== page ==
One of the biggest political statements in the long and storied history of the modern Olympic games took place on this day 45 years ago in Mexico City.
Tommie Smith of the US won the 200 metres sprint final and broke the world record in the process with a time of 19.83 seconds. He was joined on the podium after the race by compatriot John Carlos who finished in the bronze medal position with a time of 20.10 seconds, while Australia’s Peter Norman was second with 20.06.
The American duo approached the podium without shoes, wearing just black socks on their feet to represent black poverty. Smith also wore a black scarf to represent black pride while Carlos donned a necklace of beads which he later explained "were for those individuals that were lynched, or killed and that no-one said a prayer for, that were hung and tarred.”
As the Star-Spangled Banner played and the medallists turned to face their flags, Smith and Carlos each raised a fist with a black glove on and kept them raised for the entire duration of the national anthem.
As they left, they were booed by the crowd.
Smith raised his right hand while Carlos raised his left. This is reportedly because Carlos forgot to bring his own pair of black gloves, with both Americans planning to bring gloves to the event. Silver-medallist Norman suggested that they share Smith’s pair of gloves. Norman wore a Olympic Project for Human Rights badge, as did Smith and Carlos, because he was a critic of the White Australia Policy.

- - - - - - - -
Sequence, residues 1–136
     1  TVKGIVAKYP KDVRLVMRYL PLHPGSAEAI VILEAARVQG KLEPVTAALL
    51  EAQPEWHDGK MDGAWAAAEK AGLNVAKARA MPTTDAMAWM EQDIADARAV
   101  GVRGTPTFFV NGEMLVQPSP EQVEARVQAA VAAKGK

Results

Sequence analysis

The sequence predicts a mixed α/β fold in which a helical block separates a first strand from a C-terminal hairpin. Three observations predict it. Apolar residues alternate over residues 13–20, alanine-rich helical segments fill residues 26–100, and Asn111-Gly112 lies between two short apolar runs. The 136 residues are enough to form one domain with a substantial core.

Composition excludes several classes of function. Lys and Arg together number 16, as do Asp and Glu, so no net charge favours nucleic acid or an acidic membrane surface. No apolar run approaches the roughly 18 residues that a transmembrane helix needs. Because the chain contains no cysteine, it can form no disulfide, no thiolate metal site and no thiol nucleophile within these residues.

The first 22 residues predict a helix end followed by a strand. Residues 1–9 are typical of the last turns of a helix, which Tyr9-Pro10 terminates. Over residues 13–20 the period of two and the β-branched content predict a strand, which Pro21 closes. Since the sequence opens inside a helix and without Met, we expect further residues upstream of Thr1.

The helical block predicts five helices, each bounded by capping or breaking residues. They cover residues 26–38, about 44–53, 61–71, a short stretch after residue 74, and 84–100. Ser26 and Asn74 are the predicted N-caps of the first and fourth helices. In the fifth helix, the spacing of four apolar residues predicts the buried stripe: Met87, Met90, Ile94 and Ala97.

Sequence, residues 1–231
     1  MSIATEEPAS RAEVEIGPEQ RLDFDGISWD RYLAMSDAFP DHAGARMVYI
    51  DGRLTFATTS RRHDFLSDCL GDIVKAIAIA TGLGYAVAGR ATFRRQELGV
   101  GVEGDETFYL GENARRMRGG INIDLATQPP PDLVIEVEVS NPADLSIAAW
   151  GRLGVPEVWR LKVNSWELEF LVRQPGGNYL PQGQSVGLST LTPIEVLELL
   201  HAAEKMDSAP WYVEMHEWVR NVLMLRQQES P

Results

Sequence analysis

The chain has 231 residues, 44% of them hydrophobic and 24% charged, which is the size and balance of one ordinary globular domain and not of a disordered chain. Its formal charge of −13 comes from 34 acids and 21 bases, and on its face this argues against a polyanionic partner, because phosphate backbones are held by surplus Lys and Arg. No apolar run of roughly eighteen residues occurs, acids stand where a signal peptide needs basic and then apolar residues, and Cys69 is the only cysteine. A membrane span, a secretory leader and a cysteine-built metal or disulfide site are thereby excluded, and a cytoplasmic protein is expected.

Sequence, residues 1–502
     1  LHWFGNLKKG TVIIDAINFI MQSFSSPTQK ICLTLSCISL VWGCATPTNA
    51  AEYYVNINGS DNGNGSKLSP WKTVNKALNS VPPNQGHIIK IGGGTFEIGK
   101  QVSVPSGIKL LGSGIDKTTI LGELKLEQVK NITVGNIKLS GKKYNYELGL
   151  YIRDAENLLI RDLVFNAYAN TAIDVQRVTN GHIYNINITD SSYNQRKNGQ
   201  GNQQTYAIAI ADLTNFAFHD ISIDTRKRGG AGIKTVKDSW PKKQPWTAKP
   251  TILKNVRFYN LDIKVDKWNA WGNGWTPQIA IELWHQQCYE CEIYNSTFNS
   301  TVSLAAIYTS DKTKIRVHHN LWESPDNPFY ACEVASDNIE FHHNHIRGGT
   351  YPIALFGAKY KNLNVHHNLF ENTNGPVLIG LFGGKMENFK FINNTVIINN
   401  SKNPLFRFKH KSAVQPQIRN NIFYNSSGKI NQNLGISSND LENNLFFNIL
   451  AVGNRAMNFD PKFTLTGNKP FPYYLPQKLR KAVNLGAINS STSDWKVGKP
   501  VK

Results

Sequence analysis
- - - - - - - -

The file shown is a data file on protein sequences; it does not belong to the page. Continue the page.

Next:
All three men were ostracized by their nation’s media. International Olympic Committee (IOC) president Avery Brundage deemed it to be a domestic political statement unfit for the apolitical, international forum the Olympic Games were supposed to be.
In response to their actions, he ordered Smith and Carlos suspended from the US team and banned from the Olympic Village. When the US Olympic Committee refused, Brundage threatened to ban the entire US track team. This threat led to the two athletes being expelled from the Games.
Bundrage had nonetheless defended displays of the Nazi salute at the Berlin Olympics when he was president of the US Olympic Committee in 1936.
Smith and Carlos went on to play in the NFL after continued success in athletics, and have since worked with schools and in diplomatic roles.
Norman, meanwhile, was not picked for the 1972 Games despite having qualified 13 times over. He passed away in 2006, and both Smith and Carlos served as pallbearers at his funeral.
Smith wrote in his autobiography Silent Gesture that it was not a ‘Black Power’ salute but a ‘human rights salute’. Either way, the gesture’s cultural impact spread across sport and into music and other arts in the decades since.